Wednesday, April 28, 2010

My Life in Books, Part the Second.


"You monkeys, you! You give me back my caps!"

I forgot to mention Caps For Sale in my list of favorite Captain Kangaroo books. My brain nattered on about it all night and most of today. I hope the book is now duly noted, cerebrally, and we can move on. Sheesh.

I've always been somebody who reads everything, fiction, nonfiction, magazines, soup cans, cracker boxes (mealtime Desperation Reading). . . so I started a list of my significant books, hoping to sort them all out before blogging about My Life In Books. This was a mistake. One book memory led to another and soon I was drowning in titles. I'm ready to write about my early adulthood books but all the adolescent-era books keep bubbling to the surface.

Take, for instance, the books my grandparents owned. They subscribed to Reader's Digest and had a massive collection of condensed books. I read 84 Charing Cross Road in one of them. I read it again years later and wondered what those Reader's Digest editors could possibly have taken out since it was already a short book. My grandparents also had a bookshelf devoted to gems and minerals, treasured aids in their rockhounding. They owned several volumes from The Five Foot Shelf of Books and a number of classics (heavy on Dickens, Stevenson, and Verne). Grandma still had a lot of the books she'd used in her classroom and Grandpa had a shelf devoted to humor (Robert Benchley was one of his favorite humorists.) Then there was the Miscellaneous Shelf, containing titles like The Winning of Barbara Worth and What Kinda Cactus Izzat?, along with Pilgrim's Progress and other inspirational writings. There were a lot of books in their home. I read them all.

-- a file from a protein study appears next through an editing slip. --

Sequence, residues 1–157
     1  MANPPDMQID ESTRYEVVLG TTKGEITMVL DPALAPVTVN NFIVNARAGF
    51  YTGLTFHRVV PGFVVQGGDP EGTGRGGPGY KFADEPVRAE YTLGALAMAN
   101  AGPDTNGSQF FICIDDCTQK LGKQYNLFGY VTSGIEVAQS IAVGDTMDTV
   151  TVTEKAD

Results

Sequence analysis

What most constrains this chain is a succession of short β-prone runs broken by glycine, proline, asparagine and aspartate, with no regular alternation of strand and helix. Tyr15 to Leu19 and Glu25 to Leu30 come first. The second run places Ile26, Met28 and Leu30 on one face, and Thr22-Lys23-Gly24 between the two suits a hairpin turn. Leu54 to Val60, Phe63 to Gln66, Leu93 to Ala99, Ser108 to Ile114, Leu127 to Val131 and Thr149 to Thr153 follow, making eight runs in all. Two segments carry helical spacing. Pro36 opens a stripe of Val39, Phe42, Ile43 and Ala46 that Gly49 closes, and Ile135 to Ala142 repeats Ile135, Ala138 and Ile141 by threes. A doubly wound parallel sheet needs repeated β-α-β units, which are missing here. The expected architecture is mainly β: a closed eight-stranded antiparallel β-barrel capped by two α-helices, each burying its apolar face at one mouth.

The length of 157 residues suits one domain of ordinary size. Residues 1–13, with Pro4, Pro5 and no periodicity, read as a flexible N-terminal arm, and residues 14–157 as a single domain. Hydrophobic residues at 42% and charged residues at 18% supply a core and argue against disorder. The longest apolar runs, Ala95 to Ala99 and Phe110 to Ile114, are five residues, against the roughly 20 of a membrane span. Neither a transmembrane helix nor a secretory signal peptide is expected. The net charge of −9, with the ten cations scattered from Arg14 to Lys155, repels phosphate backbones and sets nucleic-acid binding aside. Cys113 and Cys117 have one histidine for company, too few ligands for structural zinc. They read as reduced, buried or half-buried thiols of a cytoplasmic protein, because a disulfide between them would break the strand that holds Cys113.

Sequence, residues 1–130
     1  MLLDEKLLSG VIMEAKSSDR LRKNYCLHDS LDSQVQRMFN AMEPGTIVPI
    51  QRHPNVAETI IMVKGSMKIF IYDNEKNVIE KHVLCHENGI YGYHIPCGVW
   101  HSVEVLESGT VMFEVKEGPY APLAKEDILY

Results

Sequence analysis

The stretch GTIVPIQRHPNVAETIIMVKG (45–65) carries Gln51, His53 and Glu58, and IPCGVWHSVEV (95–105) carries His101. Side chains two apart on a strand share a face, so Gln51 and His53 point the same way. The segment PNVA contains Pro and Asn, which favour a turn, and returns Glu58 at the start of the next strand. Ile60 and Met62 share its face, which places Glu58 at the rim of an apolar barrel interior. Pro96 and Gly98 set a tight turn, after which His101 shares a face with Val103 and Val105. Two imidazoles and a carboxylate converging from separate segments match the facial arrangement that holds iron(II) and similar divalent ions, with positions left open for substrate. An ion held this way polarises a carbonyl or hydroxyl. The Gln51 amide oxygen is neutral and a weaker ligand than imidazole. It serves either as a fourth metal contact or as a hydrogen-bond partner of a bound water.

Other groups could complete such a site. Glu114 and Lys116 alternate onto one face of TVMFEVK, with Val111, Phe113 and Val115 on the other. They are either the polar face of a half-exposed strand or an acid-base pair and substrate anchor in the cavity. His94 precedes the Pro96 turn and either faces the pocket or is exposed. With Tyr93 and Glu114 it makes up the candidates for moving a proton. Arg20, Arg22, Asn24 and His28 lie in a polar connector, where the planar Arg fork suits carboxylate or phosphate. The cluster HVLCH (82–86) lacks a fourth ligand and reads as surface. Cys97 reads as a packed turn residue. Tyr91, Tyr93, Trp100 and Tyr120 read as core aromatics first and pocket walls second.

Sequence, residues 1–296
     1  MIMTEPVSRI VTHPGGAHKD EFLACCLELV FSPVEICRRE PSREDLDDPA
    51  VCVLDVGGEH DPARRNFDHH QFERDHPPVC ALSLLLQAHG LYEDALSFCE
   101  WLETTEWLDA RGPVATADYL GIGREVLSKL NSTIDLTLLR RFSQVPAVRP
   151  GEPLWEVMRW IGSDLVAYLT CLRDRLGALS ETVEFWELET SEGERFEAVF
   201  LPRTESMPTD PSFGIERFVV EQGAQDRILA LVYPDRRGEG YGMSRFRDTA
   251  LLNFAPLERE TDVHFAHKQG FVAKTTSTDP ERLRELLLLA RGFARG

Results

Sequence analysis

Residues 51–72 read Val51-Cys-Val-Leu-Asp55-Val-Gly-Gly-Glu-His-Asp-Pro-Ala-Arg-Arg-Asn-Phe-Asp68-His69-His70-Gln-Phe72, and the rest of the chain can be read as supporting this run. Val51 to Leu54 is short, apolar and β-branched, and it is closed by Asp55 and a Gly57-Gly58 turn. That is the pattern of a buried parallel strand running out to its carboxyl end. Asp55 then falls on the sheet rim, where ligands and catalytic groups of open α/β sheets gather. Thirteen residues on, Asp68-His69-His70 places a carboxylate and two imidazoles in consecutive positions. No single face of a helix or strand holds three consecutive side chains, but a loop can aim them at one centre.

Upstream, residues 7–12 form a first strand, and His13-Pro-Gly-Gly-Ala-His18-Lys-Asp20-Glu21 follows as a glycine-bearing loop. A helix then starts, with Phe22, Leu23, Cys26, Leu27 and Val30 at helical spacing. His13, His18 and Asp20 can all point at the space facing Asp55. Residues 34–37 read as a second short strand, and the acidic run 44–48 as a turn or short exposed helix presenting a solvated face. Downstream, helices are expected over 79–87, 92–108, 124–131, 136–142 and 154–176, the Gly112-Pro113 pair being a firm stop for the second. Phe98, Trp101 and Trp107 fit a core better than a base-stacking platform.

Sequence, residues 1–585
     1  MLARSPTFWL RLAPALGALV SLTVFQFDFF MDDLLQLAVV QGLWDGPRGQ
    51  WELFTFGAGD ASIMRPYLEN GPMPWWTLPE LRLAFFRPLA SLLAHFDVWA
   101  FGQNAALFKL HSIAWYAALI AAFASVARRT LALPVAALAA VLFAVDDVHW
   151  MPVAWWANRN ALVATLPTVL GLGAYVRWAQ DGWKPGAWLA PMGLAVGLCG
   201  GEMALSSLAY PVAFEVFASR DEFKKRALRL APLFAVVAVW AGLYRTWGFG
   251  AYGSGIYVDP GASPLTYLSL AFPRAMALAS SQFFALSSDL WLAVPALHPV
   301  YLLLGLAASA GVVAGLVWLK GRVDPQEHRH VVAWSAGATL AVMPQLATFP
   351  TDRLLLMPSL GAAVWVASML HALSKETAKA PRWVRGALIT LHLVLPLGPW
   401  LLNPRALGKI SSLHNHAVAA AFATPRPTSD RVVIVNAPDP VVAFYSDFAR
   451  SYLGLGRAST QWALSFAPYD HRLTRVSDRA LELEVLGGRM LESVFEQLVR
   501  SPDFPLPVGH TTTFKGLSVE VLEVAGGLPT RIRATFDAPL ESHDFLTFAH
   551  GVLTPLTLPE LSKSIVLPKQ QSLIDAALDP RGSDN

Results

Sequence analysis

I enjoyed building my personal library once I was out on my own. Portland was (still is, actually) a great city for readers. Powell's was a weekly stop, of course, but I particularly loved a little nook of a bookshop tucked into the basement of an office building, a shop that specialized in authors who were wonderful but unsung. That's where I discovered Zenna Henderson, a science fiction writer. She wrote books about The People, a race who had to flee their planet (it was self-destructing) and who landed unintentionally on Earth. She also wrote short stories, stories written with warmth and a level of spirituality that was rare in science fiction.

It was around this time that I became a Wodehouse nut, thanks to a garage sale purchase. I was beguiled by a sealed box of paperback books priced at $2.00, buying it just to see what was inside. Mulliner Nights was buried in there and it inspired a fresh Author Binge. Wodehouse is still a hot author for me. We raised our kids on his books (aided by PBS' Wodehouse Playhouse.) We visit the Random Wodehouse Quote generator on tumbler. Hm. I'm losing focus here.

1973 was a huge reading year. A friend handed her copy of Lord of the Rings to me, saying "Read this now." I did. I've reread it every three years ever since. Reading Tolkien led me to C. S. Lewis and George MacDonald. I finally read Wind In The Willows and Mark Twain's The Innocents Abroad and Gibran's The Prophet. I read a bunch of Harlequin Romance novels on a dare issued by a roommate. Believe me, you haven't experienced "formulaic" until you've read one of those.

Gosh. I'm only up to 1974. I knew I couldn't be brief.

Overheard on Twitter: What's that technique where you pan-fry cold pizza? Is there more to it than just "pan-fry cold pizza"?

Next time: My Life In Books, Part the Third. Stay tuned.


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